Unilever Pakistan’s latest #FaceThePlastic campaign is a reminder that one of the biggest problems of our time still remains unaddressed.
Let’s face it: the past year has created an unprecedented amount of plastic waste in the form of disposable face masks and other personal protective equipment we’ve been using to stay safe.
Our streets, beaches and oceans have been hit by a tidal wave of Covid-19 waste that includes plastic masks dumped and neglected. Combined with lockdowns and public services already under strain, it’s a combination ripe for another hidden crisis for public health — and the environment.
That’s why this year, it’s time to reevaluate the place of plastic waste — to truly take responsibility and #FaceThePlastic.
Some of Pakistan’s favourite influencers and celebs are taking part in the campaign to raise awareness and do their part in cleaning up. Shaniera Akram pointed out how more still needs to be done despite making consistent conscious efforts to be more mindful about consumption.
Watch what Sarwat Gilani has to say about a pressing problem that we can all help with and what we can do about it.
And here’s Muniba Mazari discussing Unilever Pakistan’s efforts to keep plastic in a loop, turning waste into a resource.
What can be done?
It’s time to get drastic with plastic.
In recognition of its contribution to producing single-use plastic that ends up hurting the environment, Unilever has developed a two-pronged strategy to cut down on plastic globally — which is to reduce its virgin plastic packaging by 50 percent, with one-third (more than 100,000 tonnes) coming from an absolute plastic reduction; and also to help collect and process more plastic packaging than it sells by.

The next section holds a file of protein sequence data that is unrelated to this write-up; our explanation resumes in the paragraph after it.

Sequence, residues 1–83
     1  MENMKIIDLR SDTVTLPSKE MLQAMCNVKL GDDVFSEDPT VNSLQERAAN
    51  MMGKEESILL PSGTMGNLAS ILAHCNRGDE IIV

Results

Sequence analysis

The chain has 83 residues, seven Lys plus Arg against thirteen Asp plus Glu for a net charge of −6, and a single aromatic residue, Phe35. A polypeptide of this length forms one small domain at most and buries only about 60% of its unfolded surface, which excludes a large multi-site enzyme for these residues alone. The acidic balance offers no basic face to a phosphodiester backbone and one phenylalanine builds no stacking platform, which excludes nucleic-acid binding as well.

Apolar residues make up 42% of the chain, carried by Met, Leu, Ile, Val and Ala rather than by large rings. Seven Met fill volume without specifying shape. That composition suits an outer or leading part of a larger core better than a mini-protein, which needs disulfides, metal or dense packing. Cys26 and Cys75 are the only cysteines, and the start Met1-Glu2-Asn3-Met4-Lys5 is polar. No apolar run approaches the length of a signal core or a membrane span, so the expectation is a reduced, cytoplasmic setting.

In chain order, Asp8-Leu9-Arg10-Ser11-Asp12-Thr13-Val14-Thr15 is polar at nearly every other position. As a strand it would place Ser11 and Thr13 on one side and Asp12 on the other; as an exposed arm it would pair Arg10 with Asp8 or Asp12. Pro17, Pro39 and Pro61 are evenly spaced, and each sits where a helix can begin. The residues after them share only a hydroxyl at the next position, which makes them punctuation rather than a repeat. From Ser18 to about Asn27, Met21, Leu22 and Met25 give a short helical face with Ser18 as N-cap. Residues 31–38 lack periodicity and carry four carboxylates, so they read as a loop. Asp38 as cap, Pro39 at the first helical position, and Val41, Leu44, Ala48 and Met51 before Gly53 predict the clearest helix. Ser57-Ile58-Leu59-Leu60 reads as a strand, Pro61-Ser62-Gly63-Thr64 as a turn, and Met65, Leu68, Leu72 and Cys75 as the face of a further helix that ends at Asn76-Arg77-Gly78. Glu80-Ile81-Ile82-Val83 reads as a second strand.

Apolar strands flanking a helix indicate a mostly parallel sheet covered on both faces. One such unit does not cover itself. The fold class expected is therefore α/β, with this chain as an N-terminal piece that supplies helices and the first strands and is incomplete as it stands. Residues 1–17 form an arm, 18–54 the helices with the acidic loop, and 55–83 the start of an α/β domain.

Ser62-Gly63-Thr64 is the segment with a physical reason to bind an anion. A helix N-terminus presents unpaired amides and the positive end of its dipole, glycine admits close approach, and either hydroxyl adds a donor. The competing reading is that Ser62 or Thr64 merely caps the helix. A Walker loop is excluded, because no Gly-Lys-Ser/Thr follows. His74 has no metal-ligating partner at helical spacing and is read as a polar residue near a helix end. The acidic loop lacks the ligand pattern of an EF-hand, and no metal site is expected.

What does that look like in real time, and in Pakistan?
It means reducing the amount of plastic used in packaging and bottles so they require less plastic in the first place. Watch the video below to learn how.
Unilever Pakistan is also piloting a programme in collaboration with UNDP to make sure plastic is never wasted and instead turned into a resource, with a vision to make its home city Rahim Yar Khan free of plastic waste and work towards reducing its plastic footprint in just a few years. Here’s how:
It’s time to rethink the place of plastic in the world and in our lives, and while it may be difficult to get rid of it entirely, it can be kept in a loop that reuses, recycles or makes it compostable. And individually, it’s also up to us to do our part to help plastic stay out of the environment.
Unilever Pakistan is also looking out for partners to reuse/recycle plastic waste — are you up to #FaceThePlastic? Follow the campaign here and here.
To #FaceThePlastic with Unilever Pakistan just drop a message at [email protected] and partner with them!